big questions

high school


Big changes coming in our homeschooling.  High School.

How?  What? How much? Grading? Credit units?

Big questions swirling around. Turns out I can’t sleep when my brain is popping and fizzing, so I’m not getting as much sleep as I’d like.  Writing down my ideas rather than letting them swirl yesterday did seem to make a difference in how well I slept last night.  That’s a good sign.


In Manitoba, a student needs to have a minimum of 30 credit units to graduate.  There are 17 required credits including math, LA,  and Phys Ed in all 4 grades.  A credit is roughly 110 hours of course work.

I’m feeling a little overwhelmed.  A little  like the gentle pace of deep, slow education has got to change.  I don’t want to have a hurried and superficial approach, yet I’m unclear how to make a transcript that includes ‘time for lots of thought and personal space’.


But the things I’ve learned about calculating credits have actually inspired me and given me a feeling of possibilities.  For instance, we can read books like What Color is Your Parachute, College Without High School, and 7 Habits of Highly Effective Teens and call it “Career Exploration”.  It’ll be a half-credit.  Work Study credits mean that Sandra could get a part-time job and earn credit.  Independent reading courses mean that reading ecology books and writing about them can be a credit.  Dance can be a fine art course.  Soccer and running can be Phys Ed.  We’ve even found courses that teach literary analysis through Tolkien and through classic films.

It turns out that brainstorming within the paradigm of credits might make us more creative.


Still feel a little flutter of apprehension about all this, though.  We’ve always chosen to do less rather than more and let things sink deeper.  We’ve chosen space for thinking over jumping through workbook facts.

Any thoughts from those of you who are citizens in the Land of High School?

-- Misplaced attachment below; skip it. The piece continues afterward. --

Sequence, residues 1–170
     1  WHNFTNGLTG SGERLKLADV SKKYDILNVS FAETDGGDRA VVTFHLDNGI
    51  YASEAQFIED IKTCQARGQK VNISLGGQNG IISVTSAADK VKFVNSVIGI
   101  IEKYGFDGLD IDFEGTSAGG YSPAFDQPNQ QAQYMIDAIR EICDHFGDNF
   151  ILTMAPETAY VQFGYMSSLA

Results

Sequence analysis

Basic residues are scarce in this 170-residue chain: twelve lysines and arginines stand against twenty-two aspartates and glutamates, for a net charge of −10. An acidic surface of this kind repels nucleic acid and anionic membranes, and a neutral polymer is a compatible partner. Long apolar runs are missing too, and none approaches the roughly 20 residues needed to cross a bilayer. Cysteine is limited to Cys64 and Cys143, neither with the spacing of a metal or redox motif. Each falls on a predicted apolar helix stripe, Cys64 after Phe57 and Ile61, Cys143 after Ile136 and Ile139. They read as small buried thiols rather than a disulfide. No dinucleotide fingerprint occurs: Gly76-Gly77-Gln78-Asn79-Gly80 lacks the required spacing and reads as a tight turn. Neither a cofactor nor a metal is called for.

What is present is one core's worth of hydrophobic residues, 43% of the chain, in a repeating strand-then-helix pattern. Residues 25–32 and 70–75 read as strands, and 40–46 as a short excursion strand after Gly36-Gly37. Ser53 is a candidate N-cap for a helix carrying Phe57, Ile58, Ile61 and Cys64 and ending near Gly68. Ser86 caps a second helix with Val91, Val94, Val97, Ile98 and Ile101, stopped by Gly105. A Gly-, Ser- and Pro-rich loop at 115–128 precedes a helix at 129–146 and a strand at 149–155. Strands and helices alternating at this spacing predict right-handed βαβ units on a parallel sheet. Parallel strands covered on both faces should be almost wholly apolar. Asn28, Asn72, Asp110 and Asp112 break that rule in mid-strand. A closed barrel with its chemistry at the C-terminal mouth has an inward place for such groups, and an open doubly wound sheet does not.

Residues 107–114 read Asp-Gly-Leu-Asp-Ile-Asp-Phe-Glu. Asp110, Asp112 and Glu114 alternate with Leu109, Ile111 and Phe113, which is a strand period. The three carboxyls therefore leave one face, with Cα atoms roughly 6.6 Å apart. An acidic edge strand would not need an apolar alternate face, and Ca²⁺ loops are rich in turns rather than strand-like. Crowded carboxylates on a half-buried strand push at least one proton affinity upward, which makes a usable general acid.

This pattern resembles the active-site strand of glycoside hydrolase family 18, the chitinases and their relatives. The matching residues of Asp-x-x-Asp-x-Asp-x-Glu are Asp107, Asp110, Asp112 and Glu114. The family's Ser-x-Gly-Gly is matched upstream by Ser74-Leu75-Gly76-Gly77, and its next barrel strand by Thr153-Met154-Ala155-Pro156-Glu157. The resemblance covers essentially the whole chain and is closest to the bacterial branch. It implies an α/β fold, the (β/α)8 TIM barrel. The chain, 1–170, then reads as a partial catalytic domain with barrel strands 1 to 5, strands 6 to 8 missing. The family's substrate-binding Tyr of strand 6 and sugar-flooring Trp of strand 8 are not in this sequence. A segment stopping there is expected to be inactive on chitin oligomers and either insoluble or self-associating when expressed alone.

11 thoughts on “big questions

  1. elizabeth says:

    I unfortunately don’t have anything helpful to offer – but I do want to say that I am really interested to hear more about how you explore and approach this challenge, particularly in the Canadian context.

  2. Sue says:

    My oldest son started high school this year. I was just thinking recently that it took us about 6 months to truly get into the swing of it, for exactly the reason you gave: It’s not very relaxed. I had to finally accept that we have to move faster than we prefer through the material. Sometimes it’s a bummer. Maybe you’ll find a better way!

  3. hopewellmomschoolagain says:

    Look at “Harmony Art Mom”s blog–lots of great stuff on high school. Many curriculum [curriculi??] tell you have to figure credits. Tapestry of Grace is a good example. You can also search “Carnegie Credit Units” or similar phrase and find more. It’s overwhelming at first, but there’s lots of help out there. I don’t know how Canada is with dual high school/college credit, but that can be an option too. The other is highschool course + CLEP test for college credit.

    Here are my plans for Grade 10–Geography

    And the rest of Grade 10

    Don’t know if they’re helpful or more overwhelming, but there you go! Another good suggestion is to ask to review your public school’s textbooks, syllabi etc to see what all they do. You don’t have to replicate it–but it can show you that you are already doing just fine! 🙂

  4. Julia says: